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Natural gas futures retain daily losses on weather outlook after US inventories drop in line with expectations

natural-gas-ETFNatural gas fell by nearly 6% on Thursday on forecasts for warming weather and continued to edge lower after a government report showed US gas inventories fell in line with expectations in the seven days through January 24th. However, long-term forecasts showing the return of cold weather across most of the US kept the energy source on track to post the best monthly performance in more than four years.

On the New York Mercantile Exchange, natural gas futures for settlement in March traded at $5.146 per million British thermal units at 15:50 GMT, down 5.8% on the day. Prices shifted in a daily range between $5.476 and $5.116 per mBtu. The power-station fuel added 10.6% on Wednesday, the biggest single-day gain since June 2012. Prices are up 23% this month, set for the best monthly performance since September 2009. Prices settled 26% higher last year, the best performance since 2005 and second straight annual advance.

The Energy Information Administration said in its weekly storage report that US natural gas inventories fell by 230 billion cubic feet in the seven days through January 24th, almost matching the median estimate of 15 analysts surveyed by Bloomberg for a 231-bcf withdrawal. The decline outstripped the five-year average drop of 162 bcf and last years 191-bcf decrease during the comparable week.

Total gas held in US underground storage hubs fell to 2.193 trillion cubic feet, 22.5% below last years amount of 2.830 trillion cubic feet during the comparable week. The deficit to the five-year average widened to a record 16.6%, up from 13.2% a week earlier.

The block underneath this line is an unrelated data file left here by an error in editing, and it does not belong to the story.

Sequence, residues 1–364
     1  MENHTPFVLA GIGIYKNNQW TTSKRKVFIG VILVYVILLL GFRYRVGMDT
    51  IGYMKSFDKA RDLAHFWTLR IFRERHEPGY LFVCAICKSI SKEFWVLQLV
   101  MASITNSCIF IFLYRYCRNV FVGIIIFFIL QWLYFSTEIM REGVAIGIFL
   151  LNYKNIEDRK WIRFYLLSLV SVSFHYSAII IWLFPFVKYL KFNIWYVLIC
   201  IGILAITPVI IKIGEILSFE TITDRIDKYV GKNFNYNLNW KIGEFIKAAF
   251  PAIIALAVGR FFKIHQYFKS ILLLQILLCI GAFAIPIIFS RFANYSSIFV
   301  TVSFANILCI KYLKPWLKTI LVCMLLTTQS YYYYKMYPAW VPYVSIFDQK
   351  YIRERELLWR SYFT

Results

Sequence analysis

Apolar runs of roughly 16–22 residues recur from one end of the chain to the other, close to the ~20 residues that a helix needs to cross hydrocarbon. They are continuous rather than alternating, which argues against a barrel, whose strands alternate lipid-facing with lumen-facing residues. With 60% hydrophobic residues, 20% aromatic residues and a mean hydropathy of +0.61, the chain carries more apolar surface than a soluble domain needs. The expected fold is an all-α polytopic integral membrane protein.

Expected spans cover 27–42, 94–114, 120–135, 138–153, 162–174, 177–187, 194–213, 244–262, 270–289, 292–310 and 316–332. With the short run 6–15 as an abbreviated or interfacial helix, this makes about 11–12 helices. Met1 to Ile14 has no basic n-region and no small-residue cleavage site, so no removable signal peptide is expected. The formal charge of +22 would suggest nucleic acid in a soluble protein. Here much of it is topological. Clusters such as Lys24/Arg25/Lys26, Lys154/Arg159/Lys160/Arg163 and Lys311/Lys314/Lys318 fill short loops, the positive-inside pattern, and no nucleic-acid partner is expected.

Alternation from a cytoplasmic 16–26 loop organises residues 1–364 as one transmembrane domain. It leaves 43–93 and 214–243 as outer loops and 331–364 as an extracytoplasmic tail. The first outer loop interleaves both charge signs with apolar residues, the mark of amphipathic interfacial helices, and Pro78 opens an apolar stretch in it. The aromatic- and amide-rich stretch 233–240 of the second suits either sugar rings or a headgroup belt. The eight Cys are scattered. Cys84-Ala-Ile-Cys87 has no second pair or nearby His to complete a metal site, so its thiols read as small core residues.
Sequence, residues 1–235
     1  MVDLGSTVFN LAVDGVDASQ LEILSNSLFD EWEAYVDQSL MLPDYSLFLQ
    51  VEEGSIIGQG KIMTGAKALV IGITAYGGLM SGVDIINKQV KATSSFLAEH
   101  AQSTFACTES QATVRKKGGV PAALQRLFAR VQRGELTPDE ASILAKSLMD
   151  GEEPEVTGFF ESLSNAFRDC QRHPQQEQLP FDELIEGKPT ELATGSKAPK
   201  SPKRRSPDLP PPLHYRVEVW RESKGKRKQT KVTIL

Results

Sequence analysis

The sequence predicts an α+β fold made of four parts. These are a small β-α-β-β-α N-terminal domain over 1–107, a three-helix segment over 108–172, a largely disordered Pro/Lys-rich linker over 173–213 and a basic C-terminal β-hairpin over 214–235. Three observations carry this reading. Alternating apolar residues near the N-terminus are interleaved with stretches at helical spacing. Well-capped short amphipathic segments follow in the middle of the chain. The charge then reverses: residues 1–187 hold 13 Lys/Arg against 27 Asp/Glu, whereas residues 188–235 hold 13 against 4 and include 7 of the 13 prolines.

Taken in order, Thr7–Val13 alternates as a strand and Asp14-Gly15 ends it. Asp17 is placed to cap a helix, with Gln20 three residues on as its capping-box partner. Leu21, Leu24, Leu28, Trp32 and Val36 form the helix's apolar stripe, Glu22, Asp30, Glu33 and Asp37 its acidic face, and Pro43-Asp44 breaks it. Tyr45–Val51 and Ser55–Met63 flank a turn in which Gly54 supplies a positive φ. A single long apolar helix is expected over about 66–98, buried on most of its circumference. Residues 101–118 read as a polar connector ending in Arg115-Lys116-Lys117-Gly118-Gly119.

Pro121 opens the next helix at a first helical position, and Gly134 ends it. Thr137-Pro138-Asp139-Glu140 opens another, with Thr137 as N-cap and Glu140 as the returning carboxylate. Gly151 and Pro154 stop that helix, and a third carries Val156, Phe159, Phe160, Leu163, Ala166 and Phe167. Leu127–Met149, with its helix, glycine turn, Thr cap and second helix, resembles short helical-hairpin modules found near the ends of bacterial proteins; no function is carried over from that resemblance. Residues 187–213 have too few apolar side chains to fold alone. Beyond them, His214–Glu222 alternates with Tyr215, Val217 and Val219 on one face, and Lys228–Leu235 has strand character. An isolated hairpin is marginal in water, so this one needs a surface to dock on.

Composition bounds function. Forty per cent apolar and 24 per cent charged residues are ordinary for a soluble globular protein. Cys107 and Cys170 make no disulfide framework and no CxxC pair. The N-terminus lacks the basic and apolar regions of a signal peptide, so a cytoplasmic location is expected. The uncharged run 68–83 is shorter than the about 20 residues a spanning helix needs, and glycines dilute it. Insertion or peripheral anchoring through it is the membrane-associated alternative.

Inventories at the East Region received a net withdrawal of 124 bcf and fell to 1 063 bcf, 20.2% below the five-year average of 1.332 trillion cubic feet. Stockpiles in the West Region fell by 22 bcf to 327 bcf and were 12.6% beneath the average. Inventories at the Producing Region slid by 84 bcf. At 803 bcf, they were 13.1% below the five-year average amount of 924 billion cubic feet.

Warming trend

The power-station fuel was pressured throughout the day amid forecasts for warming weather that would ease heating demand. NatGasWeather.com reported on January 30th that the series of Arctic blasts pushing deep into the central and eastern US had finally come to an end. Areas of light to moderate snowfall are expected today across the Midwest.

Over the coming days, high pressure will build into the central and eastern US, allowing temperatures to rapidly warm to near or above normal across much of the southern and eastern US, including the high population areas along the Northeast coast. According to the website, chilly air will remain over the Midwest and portions of New England, which will continue to support high natural gas and heating demand.

Extended forecast

Extended forecasting models however called for cold conditions over most of the US, keeping the energy source on track to post the best monthly performance in more than four years. NatGasWeather.com’s extended forecast for the week ended February 12th called for a very active weather pattern to take place, as cold Canadian air tracks into the Midwest, Mid-Atlantic and Northeast, bringing back below normal temperatures. The temperatures will drop to single digits and teens, which will lead to several days of high natural gas and heating demand.

According to the website, the pattern becomes difficult to be predicted, but it will certainly stay quite active with exciting weather continuing over much of the south-central and northern US. The latter will maintain moderate to high natural gas demand at least until mid-February.

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